To OCR or Label Electronic Documents for Retrieval
When scanning documents, the decision to use Optical Character Recognition (OCR) versus labeling should revolve around the issues of data mining and document retrieval. For documents and/or information contained within those documents to be searchable, electronic documents must be indexed. It is a disservice to the imaging industry's customers when it advocates OCR as the preferred method of document imaging for search purposes. OCR has been promoted to allegedly automate the process. Although our document imaging systems allow you to either label or OCR a document for indexing, the preferred method to use needs to be made on a document-by-document basis. Understanding the drawbacks associated with each method will help clarify when OCR or labeling is preferred.
OCR is Not 100% Accurate:
While search engines (indices) are easy to use, the search results are often imprecise and display irrelevant information. For example, searching for java might return documents that describe java the programming language, java the coffee, and Java the Indonesian island. The greater the number of documents on your server, the greater the number of irrelevant search results.
Labeling documents will significantly improve the accuracy of your search and return a higher number of relevant documents. This is especially true for industries retrieving standardized documents such as job files and invoices.
For other organizations, it may be more practical to OCR the document in order to search for a key word or phrase contained within the text. It is not recommended to OCR every page contained within a document due to time requirements. Rather, individual pages form the document should be selected to OCR that would be relevant to a future search.
OCR is the process of converting text on a scanned image into text that is be searchable. One then executes a full-text search on the OCR document with words and phrases known to be included in a document. The OCR process is extremely sensitive to the quality of the image, as well as the font differences within the document. As a result, the output from an OCR process is seldom flawless.
If the OCR process claims to be 95% accurate, then one character in twenty is not recognized. Errors are introduced when characters bleed and touch one another, or when the scanner picks up ghost images from the reverse side of the document. The inaccuracy of the OCR process requires an operator to manually correct the suspect characters. Using OCR in place of labeling often negates any time gained by the automated process because of character corrections.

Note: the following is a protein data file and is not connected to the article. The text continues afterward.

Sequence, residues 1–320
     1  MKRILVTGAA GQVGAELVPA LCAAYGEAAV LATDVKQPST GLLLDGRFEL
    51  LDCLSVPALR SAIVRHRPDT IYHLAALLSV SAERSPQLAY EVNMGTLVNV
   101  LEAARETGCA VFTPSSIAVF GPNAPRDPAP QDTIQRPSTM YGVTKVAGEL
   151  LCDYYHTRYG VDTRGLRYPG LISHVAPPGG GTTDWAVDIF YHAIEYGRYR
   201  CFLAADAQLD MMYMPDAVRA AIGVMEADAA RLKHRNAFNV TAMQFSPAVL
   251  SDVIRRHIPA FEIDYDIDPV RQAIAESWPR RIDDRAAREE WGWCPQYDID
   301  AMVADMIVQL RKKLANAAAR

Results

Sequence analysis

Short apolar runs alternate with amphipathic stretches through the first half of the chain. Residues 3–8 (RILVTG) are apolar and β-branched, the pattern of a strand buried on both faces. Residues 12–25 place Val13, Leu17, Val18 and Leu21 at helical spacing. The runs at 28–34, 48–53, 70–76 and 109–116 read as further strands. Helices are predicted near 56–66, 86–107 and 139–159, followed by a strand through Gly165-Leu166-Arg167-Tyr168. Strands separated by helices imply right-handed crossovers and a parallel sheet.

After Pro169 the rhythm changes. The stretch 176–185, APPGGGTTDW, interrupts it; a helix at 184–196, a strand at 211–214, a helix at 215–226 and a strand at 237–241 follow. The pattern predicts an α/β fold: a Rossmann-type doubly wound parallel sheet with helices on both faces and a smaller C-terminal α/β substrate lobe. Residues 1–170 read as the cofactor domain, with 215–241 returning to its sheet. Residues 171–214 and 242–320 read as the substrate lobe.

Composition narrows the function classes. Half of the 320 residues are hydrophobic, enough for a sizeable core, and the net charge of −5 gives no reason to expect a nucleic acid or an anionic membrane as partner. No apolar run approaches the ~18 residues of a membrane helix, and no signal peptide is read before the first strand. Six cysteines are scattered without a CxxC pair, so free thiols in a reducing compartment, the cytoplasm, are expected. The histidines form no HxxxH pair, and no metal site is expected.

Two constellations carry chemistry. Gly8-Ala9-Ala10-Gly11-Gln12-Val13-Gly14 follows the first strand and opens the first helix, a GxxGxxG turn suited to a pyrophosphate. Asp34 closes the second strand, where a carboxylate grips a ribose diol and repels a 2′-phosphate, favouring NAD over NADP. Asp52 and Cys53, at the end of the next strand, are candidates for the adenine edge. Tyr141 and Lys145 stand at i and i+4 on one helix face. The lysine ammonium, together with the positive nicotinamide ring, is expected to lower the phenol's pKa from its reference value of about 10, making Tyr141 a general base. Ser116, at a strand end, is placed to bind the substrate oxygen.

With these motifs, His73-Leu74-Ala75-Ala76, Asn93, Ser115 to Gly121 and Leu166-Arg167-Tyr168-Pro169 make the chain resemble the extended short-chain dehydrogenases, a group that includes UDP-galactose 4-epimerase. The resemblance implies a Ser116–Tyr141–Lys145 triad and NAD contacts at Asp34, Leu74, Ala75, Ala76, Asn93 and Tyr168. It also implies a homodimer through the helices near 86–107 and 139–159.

Several companies propose that it is unnecessary to correct the suspect characters and that document searches are accurate. They suggest using fuzzy search technology that expands queries to include terms that sound similar or are typographically similar to the term requested. However, fuzzy searches often produce an even larger number of documents that are irrelevant and unnecessary.
Appropriate Conditions for OCR:
Our document imaging system allows intra-document searches. This is especially useful if one is data mining or looking for information contained within a document.
One can retrieve a document and then jump directly to the specific information needed within that document. Navigation from occurrence to occurrence of the keyword(s) will start with the first hit. Each hit is visibly highlighted within the document, making the search and retrieval process much more efficient.
Our solution allows you to either label or OCR a document. We suggest labeling most documents, and using OCR with pages that are relevant to a future search. This method will keep your index database to a manageable size, as each word in the OCR document is entered into your index database.
Many of our customers find it faster and more accurate to manually enter predetermined keywords, phrases and numbers to a document than to OCR the document and correct the suspect characters. The freedom to use an unlimited number of characters and numbers when labeling documents allows operators to use existing terminology with which employees are already familiar. This facilitates a quick and easy transition into using digital documents in place of paper documents throughout their organizations.